It is considered auspicious to buy gold on the occasion of Dhanteras, Diwali and Akshay Tritiya. One can buy physical gold in the form of jewellery, gold coins, bars and biscuits. While people normally use ‘karat‘ as a measurement unit for the purity of gold, not many are aware that purity of gold is measured in the form of fineness as well.
There are two ways to measure purity of gold – Karat and fineness. According to the World Gold Council website, ‘karat’ is a measurement of purity of gold alloyed with other metals. 24Karat gold is considered pure gold as no other metal is mixed in it. Fineness is another way of expressing the amount of pure gold metal content in any gold object. Fineness is purity expressed in parts per thousand. Hence, a 24Karat gold should be of 1.0 fineness (24/24 = 1.00). However, in practice, there is likely to be a very slight impurity in any gold because normally gold can only be refined to a fineness level of 999.9 parts per thousand. The gold is then described as being of 999.9 fineness.
A jeweller will offer you 24 Karat gold either in terms of 995 fineness or 999 fineness or in both (separately). It is important to understand the difference between the two. Though both are considered 24 karat gold, however, gold of 999 fineness is purer than gold of 995 fineness.
999 fineness is purer than 995 fineness
Vikas Singh, MD & CEO of MMTC-PAMP says, “995, 999 and 999.9 purity levels are an international nomenclature used to define the purity of gold per 1,000 grams. At a weight of 1,000 grams of gold, a purity of 995 means that you get 995 grams of gold with 5 grams of another metal. 999 purity means 999 grams of gold with 1 gram of another metal, while 999.9 means you get only 0.1 gram of another metal while the rest is pure gold. The difference between 995, 999 and 999.9 fineness lies in the purity level of the gold.”
Suvankar Sen, MD & CEO of Senco Gold & Diamonds says, “24Karat gold can be in either 999 or 995 fineness. 999 fineness indicates that it is 99.9% gold and only 0.1% alloy or impurity and 995 fineness means that it is 99.5% gold and 0.5% alloy or impurity.”
Surendra Mehta, National Secretary India Bullion and Jewellers Association Ltd. (IBJA) says, “999 fineness is the purest gold which one can own whereas 995 fineness is considered as standard gold which is used for trading purposes on MCX and for international trading.”
Dr C. Vinod Hayagriv, Managing Director & Director, C. Krishniah Chetty group of jewellers says, “Both 999 and 995 fineness are the purest forms of gold. No gold refinery is able to consistently produce greater than 99.90 or 99.50% pure gold. These two purities are produced consistently for easy business process standardisation. Few gold refineries can produce 99.99% purity of gold, therefore the supply of such gold is inconsistent. Gold in this high purity is mainly used as raw material for manufacturing jewellery.”
Price difference between 999 and 995 fineness
As purity of 999 fineness gold is higher than 995 fineness gold, naturally there will be price difference as well. Sen says, “In terms of the price difference, the international prices of 999 fineness is usually higher by 0.4% or half a percentage as compared to 995 fineness. So accordingly, in the bullion market also, 999 purity gold prices are 0.4% higher than 995 gold purity.”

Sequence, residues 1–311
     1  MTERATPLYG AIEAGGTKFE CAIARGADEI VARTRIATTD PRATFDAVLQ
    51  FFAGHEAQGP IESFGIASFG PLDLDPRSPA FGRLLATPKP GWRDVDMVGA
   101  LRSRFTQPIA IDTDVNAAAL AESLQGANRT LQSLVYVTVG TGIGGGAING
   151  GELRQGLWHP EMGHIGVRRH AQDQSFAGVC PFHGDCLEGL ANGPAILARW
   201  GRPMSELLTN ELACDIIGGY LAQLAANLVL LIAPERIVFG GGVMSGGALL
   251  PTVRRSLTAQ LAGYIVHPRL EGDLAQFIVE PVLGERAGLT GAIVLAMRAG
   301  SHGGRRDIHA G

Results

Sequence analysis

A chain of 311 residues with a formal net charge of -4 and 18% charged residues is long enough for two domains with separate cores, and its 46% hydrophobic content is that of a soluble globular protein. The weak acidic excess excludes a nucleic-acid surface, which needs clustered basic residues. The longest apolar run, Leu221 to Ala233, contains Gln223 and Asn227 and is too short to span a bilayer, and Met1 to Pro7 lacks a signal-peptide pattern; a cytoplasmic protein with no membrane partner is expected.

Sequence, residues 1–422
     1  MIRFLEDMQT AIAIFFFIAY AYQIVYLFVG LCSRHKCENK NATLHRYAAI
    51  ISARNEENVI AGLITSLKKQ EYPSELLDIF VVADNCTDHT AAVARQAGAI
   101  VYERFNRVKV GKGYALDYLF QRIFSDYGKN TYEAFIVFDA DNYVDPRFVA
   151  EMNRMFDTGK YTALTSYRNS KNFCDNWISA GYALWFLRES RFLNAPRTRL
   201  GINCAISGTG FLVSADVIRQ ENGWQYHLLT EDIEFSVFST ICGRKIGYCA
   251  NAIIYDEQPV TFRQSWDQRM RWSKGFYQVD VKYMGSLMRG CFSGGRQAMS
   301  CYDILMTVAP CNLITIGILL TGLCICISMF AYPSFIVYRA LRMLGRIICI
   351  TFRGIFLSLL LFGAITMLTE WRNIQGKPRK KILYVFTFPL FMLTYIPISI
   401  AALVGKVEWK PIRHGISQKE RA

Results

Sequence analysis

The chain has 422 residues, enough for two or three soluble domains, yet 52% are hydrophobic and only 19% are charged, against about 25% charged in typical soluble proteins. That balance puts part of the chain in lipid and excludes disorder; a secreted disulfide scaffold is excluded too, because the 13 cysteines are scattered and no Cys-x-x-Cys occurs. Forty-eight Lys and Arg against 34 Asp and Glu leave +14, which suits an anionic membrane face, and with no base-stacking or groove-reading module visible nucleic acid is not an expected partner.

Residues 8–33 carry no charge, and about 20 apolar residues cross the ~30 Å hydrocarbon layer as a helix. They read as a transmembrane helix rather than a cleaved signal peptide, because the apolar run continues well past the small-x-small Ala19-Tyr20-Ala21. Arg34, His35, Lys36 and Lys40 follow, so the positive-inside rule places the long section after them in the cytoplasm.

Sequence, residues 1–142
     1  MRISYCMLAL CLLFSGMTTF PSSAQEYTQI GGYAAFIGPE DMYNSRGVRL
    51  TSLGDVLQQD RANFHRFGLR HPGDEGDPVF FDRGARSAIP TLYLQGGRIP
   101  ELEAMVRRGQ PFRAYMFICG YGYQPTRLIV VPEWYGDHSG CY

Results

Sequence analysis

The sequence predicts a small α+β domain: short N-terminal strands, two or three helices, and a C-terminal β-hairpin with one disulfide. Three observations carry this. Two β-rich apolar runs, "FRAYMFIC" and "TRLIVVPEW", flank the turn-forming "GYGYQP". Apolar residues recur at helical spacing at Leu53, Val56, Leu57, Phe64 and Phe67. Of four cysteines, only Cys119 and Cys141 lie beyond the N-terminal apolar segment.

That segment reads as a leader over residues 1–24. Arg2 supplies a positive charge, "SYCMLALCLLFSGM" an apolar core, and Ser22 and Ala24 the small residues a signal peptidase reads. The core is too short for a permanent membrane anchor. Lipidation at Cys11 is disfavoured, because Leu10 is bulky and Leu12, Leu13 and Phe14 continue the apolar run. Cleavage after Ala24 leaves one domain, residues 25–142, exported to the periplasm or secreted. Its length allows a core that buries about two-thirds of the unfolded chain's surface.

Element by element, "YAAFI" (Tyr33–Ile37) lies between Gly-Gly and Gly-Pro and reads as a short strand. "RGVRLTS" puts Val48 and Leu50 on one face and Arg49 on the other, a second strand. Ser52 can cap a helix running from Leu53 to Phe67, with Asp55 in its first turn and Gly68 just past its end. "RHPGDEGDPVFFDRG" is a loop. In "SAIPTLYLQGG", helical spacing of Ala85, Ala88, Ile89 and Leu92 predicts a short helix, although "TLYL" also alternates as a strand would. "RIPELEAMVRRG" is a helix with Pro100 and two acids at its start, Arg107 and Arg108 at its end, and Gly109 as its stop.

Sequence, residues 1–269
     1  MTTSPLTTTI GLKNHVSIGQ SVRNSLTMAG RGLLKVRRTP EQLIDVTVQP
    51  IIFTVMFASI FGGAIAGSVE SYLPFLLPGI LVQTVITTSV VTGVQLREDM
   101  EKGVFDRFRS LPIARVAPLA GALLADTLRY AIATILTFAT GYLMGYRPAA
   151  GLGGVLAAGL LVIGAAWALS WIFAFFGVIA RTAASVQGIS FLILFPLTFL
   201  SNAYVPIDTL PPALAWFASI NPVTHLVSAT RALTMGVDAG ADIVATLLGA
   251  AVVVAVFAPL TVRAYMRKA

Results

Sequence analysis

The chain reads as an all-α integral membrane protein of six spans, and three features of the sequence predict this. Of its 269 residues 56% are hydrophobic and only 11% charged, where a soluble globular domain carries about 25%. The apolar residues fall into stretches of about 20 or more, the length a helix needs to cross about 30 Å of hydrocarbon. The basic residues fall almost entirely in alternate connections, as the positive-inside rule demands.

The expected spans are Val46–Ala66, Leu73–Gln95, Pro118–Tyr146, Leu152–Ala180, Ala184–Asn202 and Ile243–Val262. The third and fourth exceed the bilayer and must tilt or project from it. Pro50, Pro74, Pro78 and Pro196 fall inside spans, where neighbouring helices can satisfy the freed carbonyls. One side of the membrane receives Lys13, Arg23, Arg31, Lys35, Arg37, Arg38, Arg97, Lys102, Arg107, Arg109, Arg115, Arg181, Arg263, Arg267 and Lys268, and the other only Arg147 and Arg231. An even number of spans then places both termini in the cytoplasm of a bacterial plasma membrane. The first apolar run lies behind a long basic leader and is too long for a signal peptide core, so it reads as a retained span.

Mehta from IBJA explains the price difference with an example. According to him, “Price difference is based on purity of the gold. If price of 995 fineness gold, is say 100, then price of 999 fineness gold will be 999/995*100= 100.40”
Type of gold jewellery
If you want to buy the purest form of gold i.e., 999 fineness then what are your options? Can you buy jewellery such as earrings, rings, necklaces etc in 24Karat gold or only gold coins are available in 24Karat gold?
Singh from MMTC-PAMP says, “Gold at 999 fineness is not hard enough to make jewellery. Hence, 22K gold and below is used for the making of jewellery as gold is combined with other metals to improve hardness, malleability and strength. However, gold items in 995 fineness in the market can include coins, bars, pendants and other ornaments.”
Sen says, “Jewellery manufacturing is only done in 22, 18 and 14Karats. Usually, bars and coins are available in 995 and 999 fineness. And in general, 999 and 995 gold jewellery is only available in the form of bars and coins, which can be worn as a pendants with chains.” He further adds, “24Karat jewellery is very rare jewellery for which special machines are required. However, 23Karat jewellery is selling in certain markets of Western India – such jewellery is more culture-based and traditional and available in small sizes and pieces.”
Mehta also says, “Only gold coins and bars can be bought in 999 and 995 fineness.”
There can be certain jewellers offering jewellery in 24Karat gold as well. Hayagriv says, “In 24Karat, gold jewellery – rings and chains mostly – can be bought in 995 fineness only. However, there will be limited designs availability in 995 fineness of 24 karat gold.”
Hallmarking of 24Karat Gold
From June 16, 2021, the government has made hallmarking of gold jewellery mandatory. Hallmarking is mandatory for all the six caratages of gold jewellery/artefacts specified in IS 1417 such as 14, 18, 20, 22, 23 and 24 karat gold jewellery. Further, for 24Karat gold, 995 fineness is used.
Mehta from IBJA says, “If gold jewellery of 24 karat is bought, then hallmarking is mandatory. However, if gold coins, bullions or bars of 24Karat are bought, then hallmarking is not mandatory.”